A new book has just been published that will be of interest to fans of the New York School — My 1980s and Other Essays by the prolific poet and critic Wayne Koestenbaum. It’s a collection of “personal and critical essays” on a wide range of topics, including figures like Susan Sontag, Roberto Bolaño, Diane Arbus, Cindy Sherman, Andy Warhol, Brigitte Bardot, Roland Barthes, and Lana Turner.
Although I haven’t gotten a chance to check out the book as a whole yet, I see that the collection contains several previously published pieces on New York School poets: brief essays on Frank O’Hara and John Ashbery, a close reading of James Schuyler’s terrific and under-appreciated art criticism (“Schuyler’s Colors”), and “Epitaph on Twenty-Third Street,” a longer essay on Schuyler. This last piece was originally published in Parnassus, but thankfully will now be more easily available — I say thankfully because the essay is one of my favorite pieces on Schuyler and, for my money, one of the most perceptive and original essays on his work.
In a recent review of My 1980s in the Chicago Tribune, Michael Robbins observed that
Koestenbaum writes from the perspective of a “hyper-responder,” bouncing around the theater of his mind, which is crammed with artifacts and images and texts. He writes in bursts and spurts, hyperactive fragments, suggesting a less rigorous Sontag with an attention deficit. He knows this. “Being distractible … intensifies consciousness,” he claims … This means that Koestenbaum isn’t a critic you turn to for close reading; he’s too impressionistic, too breathless. Hyper-responsiveness would seem to preclude argument or analysis.
I don’t find this to be particularly true of Koestenbaum’s Schuyler essay –which is anchored in its own idiosyncratic, highly personal, and, yes, impressionistic brand of close reading and analysis (of, for example, Schuyler’s line breaks) — nor of Double Talk, his groundbreaking lit-crit study of collaboration (from 1989). But I do see where Robbins is coming from with his overall argument about the pleasures and limits of Koestenbaum’s distinctive style.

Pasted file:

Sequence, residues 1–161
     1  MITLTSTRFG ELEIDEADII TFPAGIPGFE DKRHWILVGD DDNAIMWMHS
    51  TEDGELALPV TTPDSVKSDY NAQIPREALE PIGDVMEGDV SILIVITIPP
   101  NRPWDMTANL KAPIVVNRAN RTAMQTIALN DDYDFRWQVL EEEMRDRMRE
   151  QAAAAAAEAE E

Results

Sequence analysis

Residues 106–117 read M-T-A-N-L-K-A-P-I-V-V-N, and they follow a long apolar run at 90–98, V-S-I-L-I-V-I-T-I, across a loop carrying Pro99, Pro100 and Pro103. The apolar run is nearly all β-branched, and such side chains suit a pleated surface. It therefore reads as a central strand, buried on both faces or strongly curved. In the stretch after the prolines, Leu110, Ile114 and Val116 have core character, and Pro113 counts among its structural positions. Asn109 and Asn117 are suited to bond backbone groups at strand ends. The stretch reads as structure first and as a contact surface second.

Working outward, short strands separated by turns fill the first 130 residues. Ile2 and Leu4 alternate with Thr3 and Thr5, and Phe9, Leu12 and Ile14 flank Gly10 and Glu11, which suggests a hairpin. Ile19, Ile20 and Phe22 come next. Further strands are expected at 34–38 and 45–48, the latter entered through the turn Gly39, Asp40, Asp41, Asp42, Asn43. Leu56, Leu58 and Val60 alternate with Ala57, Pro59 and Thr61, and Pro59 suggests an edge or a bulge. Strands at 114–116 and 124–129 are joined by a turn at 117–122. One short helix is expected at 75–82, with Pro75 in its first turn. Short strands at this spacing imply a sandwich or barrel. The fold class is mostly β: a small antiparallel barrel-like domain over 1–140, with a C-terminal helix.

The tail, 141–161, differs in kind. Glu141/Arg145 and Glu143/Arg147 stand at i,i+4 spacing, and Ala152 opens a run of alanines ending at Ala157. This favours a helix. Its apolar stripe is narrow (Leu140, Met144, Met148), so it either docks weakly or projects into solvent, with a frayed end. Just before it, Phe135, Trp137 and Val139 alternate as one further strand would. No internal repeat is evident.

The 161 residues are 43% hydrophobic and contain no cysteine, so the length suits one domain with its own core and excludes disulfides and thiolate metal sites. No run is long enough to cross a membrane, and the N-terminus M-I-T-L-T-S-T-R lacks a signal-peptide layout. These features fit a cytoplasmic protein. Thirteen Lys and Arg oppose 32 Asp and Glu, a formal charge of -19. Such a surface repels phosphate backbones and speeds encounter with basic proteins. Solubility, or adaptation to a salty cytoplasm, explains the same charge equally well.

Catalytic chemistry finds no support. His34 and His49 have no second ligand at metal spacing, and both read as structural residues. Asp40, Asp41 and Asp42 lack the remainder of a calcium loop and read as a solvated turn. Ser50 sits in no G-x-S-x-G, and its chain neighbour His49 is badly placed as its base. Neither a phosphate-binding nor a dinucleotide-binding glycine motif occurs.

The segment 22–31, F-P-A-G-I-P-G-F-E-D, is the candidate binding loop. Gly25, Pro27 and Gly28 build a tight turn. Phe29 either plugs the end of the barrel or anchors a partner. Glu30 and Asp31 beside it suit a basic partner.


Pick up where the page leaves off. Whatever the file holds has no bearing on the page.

Koestenbaum’s essays on poets (like his biography of Andy Warhol) are fun and energetic, charged with enthusiasm. But they’re much more than that: they can also illuminate unexpected corners and features of a poet’s work and style with surprising, funny, and sometimes unabashedly personal aperçus and aphorisms. Here are a few examples from the short essay on Ashbery included in My 1980s:
A John Ashbery poem behaves like a lazy Susan. Spin it and get whatever condiment you want, without having to say ‘pardon my reach’
Consider each Ashbery poem an instruction manual on how to spend time fruitfully by wasting it, by growing distracted, blurry, foggy, garrulous, horny, contrapuntal.
Ashbery’s poems forgive the inner stoner.
The Baudelairean flâneur may have been a decadent, but he was always moving into the future. John Ashbery’s flâneur is an apostle of going nowhere.
In “Frank O’Hara’s Excitement” (which can also be found here) he writes:
A Frank O’Hara poem begins with a bang. That bang—that crash of self-announcement (“I’m here!”)—may be followed by some whimpers, some lists, further bangs, and then an instantaneous disappearance.
The quick and the “now”: O’Hara’s poems stage a devotion to the “now,” which resembles orgasm’s erasure of past and future.
I’d hate to fall into the trap of saying that O’Hara is in love with the world. Yes, he’s excited about things because they are beautiful—but he also holds that excitement lightly in his hand as a mirth- and tone-bestowing practice, and he is aware that beautiful (or faux-beautiful) things fall away from him, detach themselves, refuse his embrace.
The Schuyler essay is a tour-de-force. Its stitched-together fragments track what happens when the critic’s urgent need to tell the world about Schuyler’s subtle, elusive poetic genius collides with a Schuylerian recognition that expressing things precisely is an impossibility, that all writing is a kind of wonderful failure. A few excerpts:
Schuyler loves the marmoreal possibilities of the instantaneous, the slow duration of the nothing-in-particular.
[The poem “Salute”] concerns collecting, the failure to collect, and the desire to include failure in the poem … Schuyler salutes the poems he never wrote, the thoughts he never had, the lovers he never adequately cherished, and the vocation he never entirely occupied.
The line break is, aesthetically, an endangered species. In the neglect surrounding poetry, hear the death of the line break; hear a culture’s decreasing solicitude toward the line break’s fortunes. The lost line break is a little match girl, a degraded relic. For Schuyler, it is ballast: The heart of his poetics is erratic, tender, skittering enjambment. Truism — each line break is a little death, which Schuyler faces stoically and serenely.
[Schuyler’s is] a poetics on the verge of not emerging; a poetry on the verge of not being able to exist.
An inveterate enthusiast, voracious for culture and experience, Koestenbaum is a terrific guide to the New York School, and so much else. His excitement, like his hero O’Hara’s, can be downright contagious.